Nepal: How indigenous knowledge can be a catalyst for disaster management

Source(s)
OnlineKhabar

By Chandra Lal Pandey and Anoj Basnet

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Indigenous knowledge systems, which refer to what indigenous people have known and practised from generations to generations, may present many alternatives to governments, scientists, practitioners and local communities on how they should approach different disasters. Indigenous knowledge systems have existed as a part of human life historically and this practice is important as it has shaped how people interact with their environment. Indigenous knowledge can empower members of a community to take leading roles in activities aimed at reducing disaster risks and managing disasters.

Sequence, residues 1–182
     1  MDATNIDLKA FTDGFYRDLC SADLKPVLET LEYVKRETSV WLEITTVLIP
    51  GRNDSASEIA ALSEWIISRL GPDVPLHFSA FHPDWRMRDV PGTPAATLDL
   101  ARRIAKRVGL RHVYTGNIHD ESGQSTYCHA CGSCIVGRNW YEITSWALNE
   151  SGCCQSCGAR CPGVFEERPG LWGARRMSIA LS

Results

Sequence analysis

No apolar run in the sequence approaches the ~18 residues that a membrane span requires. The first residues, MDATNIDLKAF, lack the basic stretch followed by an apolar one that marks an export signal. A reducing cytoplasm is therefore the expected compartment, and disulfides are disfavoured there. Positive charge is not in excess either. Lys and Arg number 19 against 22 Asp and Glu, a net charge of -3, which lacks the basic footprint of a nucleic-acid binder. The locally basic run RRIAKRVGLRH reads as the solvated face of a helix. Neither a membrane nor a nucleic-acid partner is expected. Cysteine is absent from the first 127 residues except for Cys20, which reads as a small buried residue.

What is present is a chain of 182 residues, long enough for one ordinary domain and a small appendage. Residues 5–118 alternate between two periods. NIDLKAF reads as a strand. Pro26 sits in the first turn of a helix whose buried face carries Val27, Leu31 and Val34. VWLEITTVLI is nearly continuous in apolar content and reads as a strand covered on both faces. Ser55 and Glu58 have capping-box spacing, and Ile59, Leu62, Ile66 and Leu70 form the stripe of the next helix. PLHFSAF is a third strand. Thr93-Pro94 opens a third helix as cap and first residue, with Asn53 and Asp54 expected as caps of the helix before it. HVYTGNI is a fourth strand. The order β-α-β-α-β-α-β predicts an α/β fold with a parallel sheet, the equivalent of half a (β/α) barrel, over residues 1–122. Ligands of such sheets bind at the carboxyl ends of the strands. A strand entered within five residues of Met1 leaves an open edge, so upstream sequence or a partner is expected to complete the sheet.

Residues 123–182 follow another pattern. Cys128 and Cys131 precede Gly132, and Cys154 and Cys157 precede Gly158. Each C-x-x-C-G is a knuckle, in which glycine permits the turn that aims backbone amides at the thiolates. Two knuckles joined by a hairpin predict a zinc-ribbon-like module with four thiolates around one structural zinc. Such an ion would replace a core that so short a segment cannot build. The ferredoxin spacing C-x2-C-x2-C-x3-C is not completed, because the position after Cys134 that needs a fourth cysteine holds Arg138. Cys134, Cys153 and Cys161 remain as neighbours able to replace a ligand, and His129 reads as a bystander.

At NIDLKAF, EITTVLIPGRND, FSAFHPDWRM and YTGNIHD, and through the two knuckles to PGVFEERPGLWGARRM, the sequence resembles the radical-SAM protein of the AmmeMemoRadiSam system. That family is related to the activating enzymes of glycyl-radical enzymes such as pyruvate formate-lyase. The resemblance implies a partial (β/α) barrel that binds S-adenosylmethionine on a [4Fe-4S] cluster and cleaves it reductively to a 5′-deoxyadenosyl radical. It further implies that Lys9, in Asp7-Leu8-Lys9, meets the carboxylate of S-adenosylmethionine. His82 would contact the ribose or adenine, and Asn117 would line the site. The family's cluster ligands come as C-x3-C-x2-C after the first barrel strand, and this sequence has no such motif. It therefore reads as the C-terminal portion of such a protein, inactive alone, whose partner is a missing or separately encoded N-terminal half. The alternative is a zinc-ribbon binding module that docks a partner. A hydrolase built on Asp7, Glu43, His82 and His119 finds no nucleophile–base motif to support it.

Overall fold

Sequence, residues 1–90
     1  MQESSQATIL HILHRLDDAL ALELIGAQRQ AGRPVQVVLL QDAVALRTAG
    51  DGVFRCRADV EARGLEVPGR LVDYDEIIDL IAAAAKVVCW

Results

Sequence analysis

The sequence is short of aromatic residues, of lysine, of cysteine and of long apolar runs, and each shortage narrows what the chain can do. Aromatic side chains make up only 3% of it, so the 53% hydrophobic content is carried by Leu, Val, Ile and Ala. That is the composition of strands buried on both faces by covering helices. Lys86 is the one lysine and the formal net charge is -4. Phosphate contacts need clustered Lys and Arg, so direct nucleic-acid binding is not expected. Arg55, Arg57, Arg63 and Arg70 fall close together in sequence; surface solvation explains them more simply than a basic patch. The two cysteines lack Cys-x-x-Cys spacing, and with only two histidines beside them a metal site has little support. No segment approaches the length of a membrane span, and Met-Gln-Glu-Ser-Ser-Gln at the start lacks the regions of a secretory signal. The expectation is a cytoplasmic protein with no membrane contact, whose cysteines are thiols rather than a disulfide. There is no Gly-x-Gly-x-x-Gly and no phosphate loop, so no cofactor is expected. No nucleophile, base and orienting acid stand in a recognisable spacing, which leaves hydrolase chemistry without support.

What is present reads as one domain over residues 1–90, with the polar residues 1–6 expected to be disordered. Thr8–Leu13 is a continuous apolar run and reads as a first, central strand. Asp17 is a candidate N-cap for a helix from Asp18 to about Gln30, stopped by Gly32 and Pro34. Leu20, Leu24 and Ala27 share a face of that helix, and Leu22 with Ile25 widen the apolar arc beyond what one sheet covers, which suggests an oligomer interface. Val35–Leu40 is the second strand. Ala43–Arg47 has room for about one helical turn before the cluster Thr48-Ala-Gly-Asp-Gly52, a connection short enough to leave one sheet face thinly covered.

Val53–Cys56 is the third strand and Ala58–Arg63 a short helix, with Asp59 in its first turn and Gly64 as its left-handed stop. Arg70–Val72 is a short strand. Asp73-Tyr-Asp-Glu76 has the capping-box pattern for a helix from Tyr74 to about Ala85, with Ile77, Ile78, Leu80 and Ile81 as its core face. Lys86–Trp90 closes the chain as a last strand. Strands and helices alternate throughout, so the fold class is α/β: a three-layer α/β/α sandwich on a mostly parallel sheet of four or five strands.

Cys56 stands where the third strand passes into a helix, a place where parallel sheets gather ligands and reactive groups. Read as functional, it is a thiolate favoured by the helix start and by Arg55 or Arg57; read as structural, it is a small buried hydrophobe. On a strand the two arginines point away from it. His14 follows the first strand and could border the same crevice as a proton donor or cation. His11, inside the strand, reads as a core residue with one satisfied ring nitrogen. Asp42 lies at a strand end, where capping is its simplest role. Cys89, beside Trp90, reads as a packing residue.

However, despite some recognition of the catalyst role of the indigenous knowledge in reducing the risk of disasters and adapting to climate change, this knowledge has not featured prominently in any of the existing disaster policies and disaster science. Instead, most of the disaster risk reduction practitioners, humanitarian organisations, and the government institutions still seem to be doubtful of indigenous knowledge and its relevance and effectiveness for disaster risk reduction and management.

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Evidence, recurrently, suggests that communities which have a tremendous amount of indigenous knowledge and information on disaster risk reductions and management have been able to deal with various disasters with a minimum level of external support and guidance. Local people have an abundance of experience and comprehension relating to their local environment and the impacts of potential disasters on them. They have been consolidating their knowledge system on local environment and disasters for long, and this knowledge system can be relied upon to help their communities plan for and better manage disasters in order to reduce the risk and disaster impacts.

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